‘Oh I ‘ate it when I do that.’ offered Marlon, and he immediately began regaling Beryl with tales forgotten sandwiches which of course had all been made with proper butter. 

They turned onto Stanley Street and came to an abrupt halt. Long lines of idling traffic had backed up behind a collision at the end of the road. There was no way to turn around and no way to move forward. 


‘What’s that love?’ asked Marlon again. 

‘Nothing mate, you know what I can probably get there on foot quicker. See you Marlon!’ 

She handed Marlon a fiver and hopped out of the taxi. It was only another mile or so. She clocked the darkening clouds and decided a gentle jog would be wise, but she hadn’t made it half a mile before the first few fat droplets began to fall. When she walked into the depot, she was sodden. 

The duty manager Frank greeted her with a curt nod as she came through the door, his lips flattening together as he looked at his watch. 

‘This won’t do Beryl, you need to be on time, or you won’t last long. Maybe don’t worry about putting on your makeup, no one cares if the driver’s pretty, they just want you there on schedule, alright?’ 

Beryl caught sight of herself in a mirror near some lockers. Her Mascara had run, and the letter M had peeled off her hat leaving the words ‘Polish Drinking Tea’. 

Two other drivers sitting at a table opposite watched her over their tea mugs but said nothing. She shifted in her wet uniform and felt their eyes linger for a second too long on her breasts, where rainwater had caused her shirt to cling. Frank frowned, but rather than offer a towel, or advise a quick blast under the handryer in the loos before she got going, he said ‘Seventy-three. It’s fuelled up and waiting for you… drive nice and carefully won’t you sweetheart?’ 

‘Yes Frank.’ 

She dashed out to the bus, a green and yellow beauty, and climbed into the cabin, taking a few seconds to run her fingers over the smooth, oversized steering wheel. She fired up the engine and, as she pulled out to the depot, quickly calculated that if she kept just a couple of miles an hour above the speed limit, she’d be back on schedule in two full route cycles.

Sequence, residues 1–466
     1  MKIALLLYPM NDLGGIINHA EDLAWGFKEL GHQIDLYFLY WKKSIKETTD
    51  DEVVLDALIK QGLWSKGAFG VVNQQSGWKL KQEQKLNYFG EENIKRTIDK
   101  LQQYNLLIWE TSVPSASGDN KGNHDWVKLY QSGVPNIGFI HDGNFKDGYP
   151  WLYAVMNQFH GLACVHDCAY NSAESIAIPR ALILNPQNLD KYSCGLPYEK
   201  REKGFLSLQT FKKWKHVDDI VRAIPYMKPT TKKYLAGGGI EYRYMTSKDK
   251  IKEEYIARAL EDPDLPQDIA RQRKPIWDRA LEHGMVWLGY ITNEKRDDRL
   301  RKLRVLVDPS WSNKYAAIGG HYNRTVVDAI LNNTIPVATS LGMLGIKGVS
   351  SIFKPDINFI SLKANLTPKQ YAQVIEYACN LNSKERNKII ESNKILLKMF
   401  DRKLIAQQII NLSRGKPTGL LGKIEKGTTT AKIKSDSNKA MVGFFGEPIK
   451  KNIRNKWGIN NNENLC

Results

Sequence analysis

But her optimism began to erode almost immediately. It seemed that every road she turned onto was somehow adjacent to every slowly reversing lorry in the county. No fewer than seven workmen halted her progress with a raised hand as they guided lorries or bin trucks or HGVs out onto the road in front of her. She signalled to them through the windscreen with frantic arm flaps that that she had a schedule to keep, but they simply shrugged or ignored her. One actually laughed and signalled back to her using only his middle finger. 

There was something in the air with the passengers too. A woman got on at Crickle Manor wanted to discuss her ticket options in exasperating detail, oblivious to the queue of sopping wet commuters who muttered and tutted behind her. She wondered if she bought a weekly ticket instead of a day rider each day, would it be cheaper, but if she didn’t get the bus on a Wednesday, would there be a discount? And was the monthly pass cheaper in February since there were fewer days? And what about her tortoise Jill, was she allowed on, and could she bring a bike on board, and what if she bought a reasonably large shrubbery at the garden centre, would she need to buy it a ticket too? On and on she went. 

Beryl sensed she was on the cusp of being fired on her first day for verbally abusing a passenger whose only true crime appeared to be loneliness. She punched the ticket machine and printed a day rider. 

‘It’s on me.’ she said, forcing her mouth into a smile. 

‘Oh, I don’t need one love, I’ve got me bus pass.’ Said the woman and produced an over sixty-five’s pass from her pocket. 

Next, a couple got on in the middle of a blazing row about whether or not the Star Trek reboots can truly be considered canon. They screamed at each other as they stomped upstairs to the top deck, then continued their splenetic exchange for a further fourteen wince-inducing stops. The fight reached its crescendo and the other passengers squirmed as one of the two hammered the stop bell, thundered down the stairs and leapt off the bus, a seething tempest in a spotty cagoule. 

‘I hate you Geoffrey!’ they shouted up at the top deck windows, ‘you’re shit in bed, and DS9 is the worst Star Trek series! It’s worse than Enterprise!’ 

Naturally, this propelled Geoffrey down the stairs to join his enraged lover on the street, his own fury stoked by his zeal to defend the unjustly maligned DS9. 

Still hoping to claw back a few precious minutes, Beryl pulled back out onto the road with such swiftness that she and the passengers were unable to discover whether Geoffrey attempted defend his performance in the bedroom as passionately as he began defending the crew of a fictional space station.